Playing the Name Game
- By Karina Sanchez
- Jun 01, 2006
THE NBFAA shook things up a little at the recent ISC West show. All of a sudden, there was a controversy going on. What was it about? The association proposed a name change. The National Burglar and Fire Alarm Association looked to change its name to the Electronic Life Safety and Systems Association.
The NBFAA is a 58-year-old, non-profit trade association, which lauds itself as being the "nation's oldest and largest organization dedicated to representing, promoting and supporting the electronic life safety, security and systems industry." Now, it motioned for a change.
"The NBFAA 50 or 60 years ago represented the industry quite well, and as technology has evolved, the name has become outdated," said Merlin Guilbeau, NBFAA executive director. "We thought that moving forward with a name change would better describe what our members do."
An association comprised of companies that install electronic life safety systems, access control, video surveillance, home automation products, commercial sound systems and alarm systems, it has far exceeded its name as a simply a burglar and fire alarm association.
Since 2000, there had been talks of proceeding with a name change. And in January, things finally started rolling. A name was decided -- Electronic Life Safety and Systems Association.
Electronic life safety does not only represent fire, but security systems, as well, Guilbeau said. While many member companies are in the business of deterring crime, there are others that help protect property and life also. And the new name was decided to include all member companies, not just the fire alarm guys.
There was finally a vote for the name change the Monday before ISC West, and the news that was announced on April 6 to attendees at the show was news to all NBFAA members, as well. The association's bylaws require that all members, not just board members, must approve any bylaws change, including a name change, by a two-thirds majority vote. The final vote of the general membership was 362 for the change and 207 opposed. The vote fell 13 votes short of the 375 affirmative votes needed for a two-thirds majority. So, it was final, the name would stay. It was decided to keep the NBFAA acronym with the tag line "Electronic Life Safety, Security and Systems Professionals" underneath it.
Security Makes a Difference
If "security" had been in the name -- Electronic Life Safety and Systems Association -- it probably would have passed, Guilbeau said. There were a number of speculations of why the name change didn't pass. Obviously, there were a majority of members who thought that the name change was needed, but those 207 who opposed, weren't too keen on the idea.
"There were people who thought that 'security' should still be in the name somewhere instead of 'systems,'" Guilbeau said. "I also think that people had a tough time grasping the term 'life safety.' Many of our members see this organization as strictly composed of fire or fire-related protection products, but we'd like to get everybody to understand that it's more than that now."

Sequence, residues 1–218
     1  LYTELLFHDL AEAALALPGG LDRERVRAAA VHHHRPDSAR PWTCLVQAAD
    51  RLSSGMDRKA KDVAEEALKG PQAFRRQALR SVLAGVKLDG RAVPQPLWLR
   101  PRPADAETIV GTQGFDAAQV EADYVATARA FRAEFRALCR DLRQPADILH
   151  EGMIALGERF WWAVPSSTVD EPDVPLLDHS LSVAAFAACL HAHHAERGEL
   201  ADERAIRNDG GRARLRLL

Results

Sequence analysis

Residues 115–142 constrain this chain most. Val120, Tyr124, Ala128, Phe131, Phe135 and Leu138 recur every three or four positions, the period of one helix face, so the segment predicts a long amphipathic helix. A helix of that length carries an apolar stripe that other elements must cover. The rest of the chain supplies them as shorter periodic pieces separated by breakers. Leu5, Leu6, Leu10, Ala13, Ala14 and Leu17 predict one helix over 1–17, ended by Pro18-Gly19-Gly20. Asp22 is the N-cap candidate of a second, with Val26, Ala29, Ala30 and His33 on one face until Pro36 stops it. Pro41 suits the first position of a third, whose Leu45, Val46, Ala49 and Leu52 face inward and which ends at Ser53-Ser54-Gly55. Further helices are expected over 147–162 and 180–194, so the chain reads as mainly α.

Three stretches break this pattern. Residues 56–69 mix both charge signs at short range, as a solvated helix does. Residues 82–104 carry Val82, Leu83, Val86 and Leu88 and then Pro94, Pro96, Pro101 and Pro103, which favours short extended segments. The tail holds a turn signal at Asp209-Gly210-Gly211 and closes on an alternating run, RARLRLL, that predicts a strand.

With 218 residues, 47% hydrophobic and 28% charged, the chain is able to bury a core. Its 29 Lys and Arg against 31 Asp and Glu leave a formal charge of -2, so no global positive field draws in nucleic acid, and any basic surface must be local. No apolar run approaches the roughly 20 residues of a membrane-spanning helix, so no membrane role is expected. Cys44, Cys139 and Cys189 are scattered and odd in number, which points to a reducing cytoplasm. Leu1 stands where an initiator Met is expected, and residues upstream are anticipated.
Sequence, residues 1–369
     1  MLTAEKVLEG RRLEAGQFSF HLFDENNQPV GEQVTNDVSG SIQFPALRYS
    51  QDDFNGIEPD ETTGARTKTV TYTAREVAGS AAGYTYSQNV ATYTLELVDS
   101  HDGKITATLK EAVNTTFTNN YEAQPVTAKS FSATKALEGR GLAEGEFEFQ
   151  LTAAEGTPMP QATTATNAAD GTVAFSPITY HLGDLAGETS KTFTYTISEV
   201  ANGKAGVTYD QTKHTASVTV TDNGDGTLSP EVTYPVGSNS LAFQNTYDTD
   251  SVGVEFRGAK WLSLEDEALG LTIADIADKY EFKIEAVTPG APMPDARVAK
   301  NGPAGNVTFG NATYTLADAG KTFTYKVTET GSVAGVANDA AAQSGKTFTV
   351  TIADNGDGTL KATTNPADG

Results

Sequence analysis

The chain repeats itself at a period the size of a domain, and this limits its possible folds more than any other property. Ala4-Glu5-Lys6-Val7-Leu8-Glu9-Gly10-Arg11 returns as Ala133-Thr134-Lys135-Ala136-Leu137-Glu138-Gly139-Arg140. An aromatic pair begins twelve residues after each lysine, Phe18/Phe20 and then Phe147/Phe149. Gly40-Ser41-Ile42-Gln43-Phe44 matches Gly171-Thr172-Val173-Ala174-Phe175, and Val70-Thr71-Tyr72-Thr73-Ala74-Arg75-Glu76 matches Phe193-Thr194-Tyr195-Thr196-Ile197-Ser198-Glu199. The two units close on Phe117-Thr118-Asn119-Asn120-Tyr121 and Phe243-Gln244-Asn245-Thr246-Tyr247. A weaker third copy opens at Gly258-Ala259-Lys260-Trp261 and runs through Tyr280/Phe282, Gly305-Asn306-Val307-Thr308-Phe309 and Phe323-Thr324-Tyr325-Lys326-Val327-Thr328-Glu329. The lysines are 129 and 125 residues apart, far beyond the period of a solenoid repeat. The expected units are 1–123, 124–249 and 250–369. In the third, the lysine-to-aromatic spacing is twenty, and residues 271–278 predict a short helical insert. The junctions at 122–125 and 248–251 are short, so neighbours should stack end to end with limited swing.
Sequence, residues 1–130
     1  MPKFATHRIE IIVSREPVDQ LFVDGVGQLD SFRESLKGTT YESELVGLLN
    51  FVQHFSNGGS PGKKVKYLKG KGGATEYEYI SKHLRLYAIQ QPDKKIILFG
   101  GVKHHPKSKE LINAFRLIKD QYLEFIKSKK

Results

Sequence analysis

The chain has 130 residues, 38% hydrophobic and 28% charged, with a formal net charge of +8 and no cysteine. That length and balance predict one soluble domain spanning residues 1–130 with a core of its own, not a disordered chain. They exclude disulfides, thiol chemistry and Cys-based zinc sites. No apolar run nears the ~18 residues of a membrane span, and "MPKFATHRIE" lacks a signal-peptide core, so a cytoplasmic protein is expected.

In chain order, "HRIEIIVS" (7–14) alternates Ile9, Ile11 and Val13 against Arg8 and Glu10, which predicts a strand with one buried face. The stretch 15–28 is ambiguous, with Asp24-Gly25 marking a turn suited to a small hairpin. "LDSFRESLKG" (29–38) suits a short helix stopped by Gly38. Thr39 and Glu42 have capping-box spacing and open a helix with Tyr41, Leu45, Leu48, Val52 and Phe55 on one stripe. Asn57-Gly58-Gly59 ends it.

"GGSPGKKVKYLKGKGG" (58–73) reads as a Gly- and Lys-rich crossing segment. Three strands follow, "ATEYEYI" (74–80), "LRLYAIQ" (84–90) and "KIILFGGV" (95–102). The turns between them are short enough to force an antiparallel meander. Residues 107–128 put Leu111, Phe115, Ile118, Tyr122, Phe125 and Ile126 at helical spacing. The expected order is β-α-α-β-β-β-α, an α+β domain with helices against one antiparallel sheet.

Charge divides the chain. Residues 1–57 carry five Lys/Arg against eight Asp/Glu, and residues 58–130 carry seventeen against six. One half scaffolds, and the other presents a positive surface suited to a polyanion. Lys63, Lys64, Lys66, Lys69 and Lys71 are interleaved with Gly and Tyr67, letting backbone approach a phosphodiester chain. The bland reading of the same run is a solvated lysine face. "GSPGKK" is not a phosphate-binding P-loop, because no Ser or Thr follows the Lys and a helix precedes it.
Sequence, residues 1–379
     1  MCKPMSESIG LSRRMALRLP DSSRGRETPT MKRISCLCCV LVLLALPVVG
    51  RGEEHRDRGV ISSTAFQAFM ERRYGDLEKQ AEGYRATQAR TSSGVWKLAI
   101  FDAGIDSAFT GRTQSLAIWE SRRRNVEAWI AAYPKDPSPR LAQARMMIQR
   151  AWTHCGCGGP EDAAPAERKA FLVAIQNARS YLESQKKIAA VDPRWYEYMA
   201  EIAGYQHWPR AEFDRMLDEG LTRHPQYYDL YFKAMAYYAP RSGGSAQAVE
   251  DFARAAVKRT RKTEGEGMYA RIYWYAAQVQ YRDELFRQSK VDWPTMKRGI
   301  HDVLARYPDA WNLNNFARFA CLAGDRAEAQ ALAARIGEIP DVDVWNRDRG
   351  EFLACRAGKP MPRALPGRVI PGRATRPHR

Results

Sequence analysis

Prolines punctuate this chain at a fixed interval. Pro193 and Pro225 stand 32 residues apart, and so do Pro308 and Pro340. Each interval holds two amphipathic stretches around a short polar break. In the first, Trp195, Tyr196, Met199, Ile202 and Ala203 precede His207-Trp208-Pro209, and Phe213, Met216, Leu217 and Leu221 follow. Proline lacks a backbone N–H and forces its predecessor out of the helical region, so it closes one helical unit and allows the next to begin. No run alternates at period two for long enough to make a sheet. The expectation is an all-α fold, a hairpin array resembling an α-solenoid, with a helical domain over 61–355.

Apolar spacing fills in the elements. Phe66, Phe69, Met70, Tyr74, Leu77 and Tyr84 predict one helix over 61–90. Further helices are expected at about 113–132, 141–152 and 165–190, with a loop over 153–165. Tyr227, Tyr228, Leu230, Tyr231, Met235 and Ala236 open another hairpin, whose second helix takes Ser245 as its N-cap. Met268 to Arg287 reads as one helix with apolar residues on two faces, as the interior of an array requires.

Guilbeau also cited that those members who were resistant to change took this as a difficult process.
"There were some long-time members of NBFAA that had a tough time. They thought that maybe we'd be loosing our heritage which, if I had the time to talk to each one individually, I think some would understand the direction we're going and feel differently," Guilbeau said.
As a softer transition, it was decided to add the tag line underneath the NBFAA acronym to better describe what the association's members do. There needed to be more of an emphasis on the growing number of members that ranged beyond burglar and fire alarms.
"The plan all along was to take a phased approach, partly because changing a name from a marketing perspective is a big deal and we have to do it carefully," said Georgia Calaway, NBFAA director of communications.
Putting It All to Rest
Talk about this issue seems to have calmed down, but it's a discussion that's far from over.
"The term 'burglar' is outdated, and we're more than just a national organization now," Guilbeau said.
The 2,500-member organization is composed of international members, as well. And, it seems to be growing. While the fire surrounding the issue has sizzled out since the ISC West show, Guilbeau has not forgotten about it. His next steps are to get the results, present it to the board of directors and look for feedback and guidance from them.
"There's a possibility we'll revisit the issue. We'll probably organize a conference call sometime later this year to discuss it before our next board meeting, which takes place right before ISC East," Guilbeau said.
Either way, things are happening for this organization. It's moving forward and the security industry hasn't heard the last of this issue, yet. Keep your eyes and ears open for what's to come. Hopefully, there'll be some other big news to come out of ISC East.